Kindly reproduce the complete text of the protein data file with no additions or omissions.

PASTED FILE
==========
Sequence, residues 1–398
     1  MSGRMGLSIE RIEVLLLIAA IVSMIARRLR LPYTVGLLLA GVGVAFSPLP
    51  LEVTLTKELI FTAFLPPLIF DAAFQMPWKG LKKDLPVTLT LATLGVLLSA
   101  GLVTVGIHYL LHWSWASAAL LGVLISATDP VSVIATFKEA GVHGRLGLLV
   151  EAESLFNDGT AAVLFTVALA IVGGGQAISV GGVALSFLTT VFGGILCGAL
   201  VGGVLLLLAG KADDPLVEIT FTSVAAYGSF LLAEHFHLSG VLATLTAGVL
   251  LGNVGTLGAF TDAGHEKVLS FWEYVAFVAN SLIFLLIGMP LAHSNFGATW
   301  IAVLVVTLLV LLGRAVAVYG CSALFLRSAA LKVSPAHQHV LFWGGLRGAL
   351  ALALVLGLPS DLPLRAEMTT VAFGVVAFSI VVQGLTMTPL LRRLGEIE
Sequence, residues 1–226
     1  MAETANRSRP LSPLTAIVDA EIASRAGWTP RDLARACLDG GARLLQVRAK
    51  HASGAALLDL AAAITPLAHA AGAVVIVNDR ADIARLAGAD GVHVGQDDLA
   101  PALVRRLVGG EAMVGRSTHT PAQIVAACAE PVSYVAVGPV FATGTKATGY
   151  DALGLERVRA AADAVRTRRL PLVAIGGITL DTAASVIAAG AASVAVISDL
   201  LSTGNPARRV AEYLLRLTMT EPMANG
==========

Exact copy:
Sequence, residues 1–398
     1  MSGRMGLSIE RIEVLLLIAA IVSMIARRLR LPYTVGLLLA GVGVAFSPLP
    51  LEVTLTKELI FTAFLPPLIF DAAFQMPWKG LKKDLPVTLT LATLGVLLSA
   101  GLVTVGIHYL LHWSWASAAL LGVLISATDP VSVIATFKEA GVHGRLGLLV
   151  EAESLFNDGT AAVLFTVALA IVGGGQAISV GGVALSFLTT VFGGILCGAL
   201  VGGVLLLLAG KADDPLVEIT FTSVAAYGSF LLAEHFHLSG VLATLTAGVL
   251  LGNVGTLGAF TDAGHEKVLS FWEYVAFVAN SLIFLLIGMP LAHSNFGATW
   301  IAVLVVTLLV LLGRAVAVYG CSALFLRSAA LKVSPAHQHV LFWGGLRGAL
   351  ALALVLGLPS DLPLRAEMTT VAFGVVAFSI VVQGLTMTPL LRRLGEIE
Sequence, residues 1–226
     1  MAETANRSRP LSPLTAIVDA EIASRAGWTP RDLARACLDG GARLLQVRAK
    51  HASGAALLDL AAAITPLAHA AGAVVIVNDR ADIARLAGAD GVHVGQDDLA
   101  PALVRRLVGG EAMVGRSTHT PAQIVAACAE PVSYVAVGPV FATGTKATGY
   151  DALGLERVRA AADAVRTRRL PLVAIGGITL DTAASVIAAG AASVAVISDL
   201  LSTGNPARRV AEYLLRLTMT EPMANG